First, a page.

In the past four years, the AFMS has improved coordination among the participating agencies and has developed procedures that have led to the identification and correction of errors in CATS. For example, the AFMS conducts on-site reviews of the underlying data supporting the seizure and forfeiture data in CATS and provides the participating agencies with reports that identify the errors and recommends corrections that should be made in CATS. Our audit revealed that in some cases, corrections of errors identified by AFMS are significantly delayed because of disputes between participating agencies. As the error rates from our interim and year-end tests indicate, participating agencies must take additional steps to improve seized/forfeited property data in CATS including the prompt resolution by the responsible entity of all errors, discrepancies and un-recorded items.

• Errors in the status of undelivered orders and accounts payable

During our interim tests of AFF/SADF's processing of obligations, we noted that there is insufficient on-going emphasis placed on the determination of the proper status of undelivered and delivered orders in the general ledger. Specifically, we noted 5 of 73 undelivered orders (6.85%) and 13 of 88 delivered orders (14.77%) selected for review were incorrect. These errors included the overstatement and understatement of delivered and undelivered amounts, and included the failure to deobligate expired obligations timely. In addition, for 17 out of 73 reimbursable agreements tested (23.94%), AFMS did not record undelivered orders for the entire signed agreement amounts, but instead only recorded the obligated portions as they were incurred by the provider agencies. This resulted in an understatement of undelivered orders for interim financial reporting, but it did not affect the year-end financial statements because most of the agreements were either fully obligated, or excess amounts were deobligated, by year-end.

Guidance in OMB Circular A-11, Preparation, Submission and Execution of the Budget and Statement of Federal Financial Accounting Standards (SFFAS) Number 1, Accounting for Selected Assets and Liabilities, define both undelivered and delivered orders, including the amounts and events required to change the status of obligations between undelivered and delivered. OMB Bulletin No. 01-09, Form and Content of Agency Financial Statements, requires interim financial statements to be prepared on the accrual basis. Under OMB and DOJ reporting requirements, components are required to prepare interim financial statements on a quarterly basis using full accrual accounting. Without improvements in the controls over obligations, there is a risk the AFF/SADF is misstating obligation information on its interim financial statements that are used by management and the OMB.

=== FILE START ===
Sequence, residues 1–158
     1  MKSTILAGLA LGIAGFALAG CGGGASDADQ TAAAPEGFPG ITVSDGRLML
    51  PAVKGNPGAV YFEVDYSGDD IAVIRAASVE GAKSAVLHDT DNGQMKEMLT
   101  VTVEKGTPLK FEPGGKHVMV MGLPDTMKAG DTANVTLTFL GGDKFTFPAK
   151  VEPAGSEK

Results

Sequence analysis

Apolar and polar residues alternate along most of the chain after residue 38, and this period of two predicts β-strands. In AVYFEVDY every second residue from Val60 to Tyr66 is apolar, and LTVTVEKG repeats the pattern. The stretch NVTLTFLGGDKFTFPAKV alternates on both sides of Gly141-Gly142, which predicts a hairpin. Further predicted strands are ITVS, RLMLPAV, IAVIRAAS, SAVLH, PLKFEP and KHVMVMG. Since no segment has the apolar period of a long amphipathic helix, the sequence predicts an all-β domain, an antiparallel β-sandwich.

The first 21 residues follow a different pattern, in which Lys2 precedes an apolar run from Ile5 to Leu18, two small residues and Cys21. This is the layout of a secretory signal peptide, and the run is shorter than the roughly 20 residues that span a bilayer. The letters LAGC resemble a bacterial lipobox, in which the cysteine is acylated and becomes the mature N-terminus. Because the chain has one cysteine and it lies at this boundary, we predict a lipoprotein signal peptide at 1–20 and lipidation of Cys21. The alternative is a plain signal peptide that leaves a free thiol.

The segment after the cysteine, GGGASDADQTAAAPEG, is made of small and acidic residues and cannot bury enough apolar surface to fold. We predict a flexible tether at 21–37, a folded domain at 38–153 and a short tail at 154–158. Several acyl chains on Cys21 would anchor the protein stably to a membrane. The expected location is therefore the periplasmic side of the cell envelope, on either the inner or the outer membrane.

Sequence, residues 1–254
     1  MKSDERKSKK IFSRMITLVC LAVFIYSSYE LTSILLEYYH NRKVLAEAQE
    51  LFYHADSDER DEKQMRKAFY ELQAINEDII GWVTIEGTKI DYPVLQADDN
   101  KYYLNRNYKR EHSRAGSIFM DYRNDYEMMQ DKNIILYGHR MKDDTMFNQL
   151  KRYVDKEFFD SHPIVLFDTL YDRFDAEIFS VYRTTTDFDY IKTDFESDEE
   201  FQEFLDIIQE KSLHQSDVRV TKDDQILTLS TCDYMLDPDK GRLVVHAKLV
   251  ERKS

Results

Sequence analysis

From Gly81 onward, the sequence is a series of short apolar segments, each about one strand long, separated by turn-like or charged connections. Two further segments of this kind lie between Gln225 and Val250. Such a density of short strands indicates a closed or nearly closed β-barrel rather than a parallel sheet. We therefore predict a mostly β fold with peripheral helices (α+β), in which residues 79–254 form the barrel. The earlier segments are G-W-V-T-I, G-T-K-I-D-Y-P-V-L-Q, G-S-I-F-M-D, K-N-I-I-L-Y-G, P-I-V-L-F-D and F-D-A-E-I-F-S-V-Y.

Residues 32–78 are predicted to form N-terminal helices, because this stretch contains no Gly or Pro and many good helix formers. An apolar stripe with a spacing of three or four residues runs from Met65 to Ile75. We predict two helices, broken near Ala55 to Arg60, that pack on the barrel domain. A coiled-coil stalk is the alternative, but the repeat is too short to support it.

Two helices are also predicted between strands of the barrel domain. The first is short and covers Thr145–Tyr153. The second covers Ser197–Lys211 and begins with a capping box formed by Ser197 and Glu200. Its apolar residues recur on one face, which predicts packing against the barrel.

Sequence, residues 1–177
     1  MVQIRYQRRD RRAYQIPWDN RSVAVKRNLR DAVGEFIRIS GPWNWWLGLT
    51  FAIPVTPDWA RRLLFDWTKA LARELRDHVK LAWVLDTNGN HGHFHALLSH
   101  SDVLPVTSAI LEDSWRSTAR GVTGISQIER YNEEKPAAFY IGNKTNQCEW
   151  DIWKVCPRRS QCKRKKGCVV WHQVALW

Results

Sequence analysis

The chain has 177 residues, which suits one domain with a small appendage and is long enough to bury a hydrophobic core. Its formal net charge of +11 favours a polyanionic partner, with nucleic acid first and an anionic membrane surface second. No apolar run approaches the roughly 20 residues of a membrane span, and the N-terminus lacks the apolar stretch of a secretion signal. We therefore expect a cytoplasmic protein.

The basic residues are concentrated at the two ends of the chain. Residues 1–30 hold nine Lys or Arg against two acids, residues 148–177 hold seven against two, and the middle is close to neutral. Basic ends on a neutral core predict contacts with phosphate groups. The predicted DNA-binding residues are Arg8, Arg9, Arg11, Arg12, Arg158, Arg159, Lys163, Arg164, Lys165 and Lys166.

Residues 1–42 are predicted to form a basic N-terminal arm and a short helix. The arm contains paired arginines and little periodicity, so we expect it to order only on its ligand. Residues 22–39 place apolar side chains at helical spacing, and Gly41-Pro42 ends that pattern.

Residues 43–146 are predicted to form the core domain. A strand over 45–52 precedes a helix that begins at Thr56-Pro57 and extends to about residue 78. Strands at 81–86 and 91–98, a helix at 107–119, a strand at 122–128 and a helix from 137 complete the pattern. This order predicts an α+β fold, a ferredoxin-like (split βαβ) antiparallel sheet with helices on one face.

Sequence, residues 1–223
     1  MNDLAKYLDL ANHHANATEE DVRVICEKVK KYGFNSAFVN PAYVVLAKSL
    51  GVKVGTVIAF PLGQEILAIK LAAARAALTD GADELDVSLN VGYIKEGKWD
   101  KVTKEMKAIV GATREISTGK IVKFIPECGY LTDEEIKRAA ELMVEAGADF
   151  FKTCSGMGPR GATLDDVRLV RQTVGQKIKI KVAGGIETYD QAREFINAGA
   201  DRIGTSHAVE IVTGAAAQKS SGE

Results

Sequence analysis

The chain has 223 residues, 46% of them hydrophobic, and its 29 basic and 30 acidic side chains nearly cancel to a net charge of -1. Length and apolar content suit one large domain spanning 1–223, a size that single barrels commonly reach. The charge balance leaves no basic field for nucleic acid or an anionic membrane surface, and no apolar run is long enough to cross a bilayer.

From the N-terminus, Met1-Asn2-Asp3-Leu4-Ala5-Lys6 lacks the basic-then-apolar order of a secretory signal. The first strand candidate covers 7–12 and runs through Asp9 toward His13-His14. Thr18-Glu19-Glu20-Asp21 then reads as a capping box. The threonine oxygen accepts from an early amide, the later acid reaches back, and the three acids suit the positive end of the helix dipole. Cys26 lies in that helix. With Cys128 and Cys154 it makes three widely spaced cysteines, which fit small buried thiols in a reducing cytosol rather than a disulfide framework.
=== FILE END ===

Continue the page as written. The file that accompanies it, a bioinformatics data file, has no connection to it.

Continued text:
Because of these control deficiencies, the AFMS and participating agencies performed a review of open obligations on a sample basis at September 30, 2003. As evidenced by the error rates noted during the year-end review, this process of reviewing the status of obligations only at the end of the year increases the risk that errors in obligations will not be detected by management and could result in misstatements in the AFF/SADF's financial statements. In addition, we noted that management was not able to detect and correct all errors in the sample. In fact, management had to conduct subsequent sample reviews of year-end obligations to validate their initial results. 21 of the 34 errors (62%) noted in the Financial Management Information System (FMIS) year-end undelivered and delivered samples related to the Organized Crime and Drug Enforcement Task Force program. Furthermore, 53 of the 80 FMIS and Financial Management System (FMS) year-end undelivered and delivered sample errors (66%) were attributed to the United States Marshals Service (USMS). The statistically projected misstatements of a $2.7 million understatement for FMIS undelivered orders, $5.1 million overstatement in FMIS delivered orders, and $2.2 million understatement of FMS delivered orders resulted in significant adjustments to the AFF/SADF financial statements at September 30, 2003, including an increase in expense of $2.9 million.

As a consequence of these errors and of delays in obtaining supporting documentation from the participating agencies, AFMS was unable to meet their reporting deadlines. The AFF/SADF will not be able to rely primarily on year-end clean-up efforts in future years because the OMB is further accelerating year-end reporting deadlines for fiscal year 2004. Future audit results will depend significantly on effective accounting closings each period and the results of interim internal controls testing.

• Improvements needed in revenue recognition procedures related to forfeited property

During our testing of the year-end HUD-1 real estate sales reconciliation, we noted that information entered on the USMS's HUD-1 spreadsheet was inaccurate, and real estate sales information from the USMS district offices was incomplete and was not submitted in a timely manner. As a result, we noted numerous errors on the HUD-1 spreadsheet for the sales price and third party payment and sales expense amounts for which adjustments of over $1 million were made to these balances. Furthermore, during the interim period, USMS did not reconcile the HUD-1 spreadsheet to real property disposed in CATS, which resulted in a schedule that was not inclusive of all real estate transactions during the interim period. As a result of this control deficiency, we were unable to assess the accuracy of the interim balances related to real estate dispositions.